What is now emerging – yet to register in London’s metropolitan consciousness – is the first evidence of economic and social renaissance. A North Sea energy boom has broken the vicious cycle. “We hit bottom four or five years ago. It is frustrating to hear talk of decline because now we are really turning around. We have plans to build 10,000 new homes,” said Philip Jackson, head of the North East Lincolnshire Council in Grimsby. The revival resembles the early stages of the oil and gas boom around Aberdeen in the 1970s after the discovery of the Forties. This time it is renewable energy. Grimsby has become the nerve centre for the UK’s thriving offshore wind industry. Hull across the Humber hosts a Siemens Gamesa blade factory for wind turbines, the biggest manufacturing plant built in Britain this century. The company is currently adding a second production line to meet demand. “Green energy is going to be huge. There will be jobs for 20 years or more,” said Mr Jackson. The Danish group Ørsted has based its gleaming new hub beneath the Dock Tower. The control room is like a military logistics centre with rows of screens, measuring the wind speed, yaw angle, rotor RPM, and so forth, of every turbine 75 miles out in the North Sea. The company employs 170 staff in Grimsby with a further 500 contractors. “When we advertised for six apprentices we got a thousand applicants,” said Darren Ramshaw, the regional head of operations. The local one-man caterer that supplies the Ørsted canteen – Deli-licious – has expanded to twenty people. The hub manages the Hornsea 1 wind farm, the biggest offshore cluster on the planet. The array is being erected at a staggering pace, one giant turbine every couple of days. Installation out at sea is lightning fast. “They put up the tower, the nacelle, and blades, in a single day. The team switches it on the next day,” said Matthew Wright, Ørsted’s UK managing-director. Hornsea 1 began in April and will be finished later this Autumn with 174 turbines providing 1.2 gigawatts (GW), comparable to a large nuclear reactor but built in a fraction of the time. Hornsea 2, 3, and 4, are lined up for the early 2020s. Together they could potentially produce 6.2GW. Ørsted has other operations at Race Bank a little further south, as has Equinor. Innogy is building Triton Knoll nearby. The scale is huge and it all requires an army of skilled workers.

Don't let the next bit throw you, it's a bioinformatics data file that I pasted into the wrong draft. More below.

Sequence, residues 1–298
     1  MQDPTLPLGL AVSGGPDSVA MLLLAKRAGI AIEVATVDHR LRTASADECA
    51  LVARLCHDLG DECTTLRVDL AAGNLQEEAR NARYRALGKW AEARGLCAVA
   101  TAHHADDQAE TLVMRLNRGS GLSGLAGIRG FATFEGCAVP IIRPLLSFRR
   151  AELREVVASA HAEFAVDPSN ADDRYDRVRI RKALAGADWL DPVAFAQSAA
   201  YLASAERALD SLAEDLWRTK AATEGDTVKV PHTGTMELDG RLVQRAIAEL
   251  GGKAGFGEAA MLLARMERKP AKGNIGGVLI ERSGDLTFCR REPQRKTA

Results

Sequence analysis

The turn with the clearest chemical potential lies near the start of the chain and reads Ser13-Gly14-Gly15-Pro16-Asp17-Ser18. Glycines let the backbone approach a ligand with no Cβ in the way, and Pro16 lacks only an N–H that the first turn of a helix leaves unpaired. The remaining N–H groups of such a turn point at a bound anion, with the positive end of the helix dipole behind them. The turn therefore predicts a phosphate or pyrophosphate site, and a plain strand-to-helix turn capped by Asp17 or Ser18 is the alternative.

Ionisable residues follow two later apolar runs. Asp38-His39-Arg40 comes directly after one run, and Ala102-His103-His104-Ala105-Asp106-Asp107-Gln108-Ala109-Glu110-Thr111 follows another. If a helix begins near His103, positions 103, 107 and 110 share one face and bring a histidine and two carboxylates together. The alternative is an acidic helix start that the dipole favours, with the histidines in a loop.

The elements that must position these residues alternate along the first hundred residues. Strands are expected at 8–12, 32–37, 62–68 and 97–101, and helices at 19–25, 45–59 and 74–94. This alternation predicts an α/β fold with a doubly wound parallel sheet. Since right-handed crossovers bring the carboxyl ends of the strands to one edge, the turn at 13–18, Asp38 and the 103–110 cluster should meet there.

Telegraph 1st Sept 2019 read more »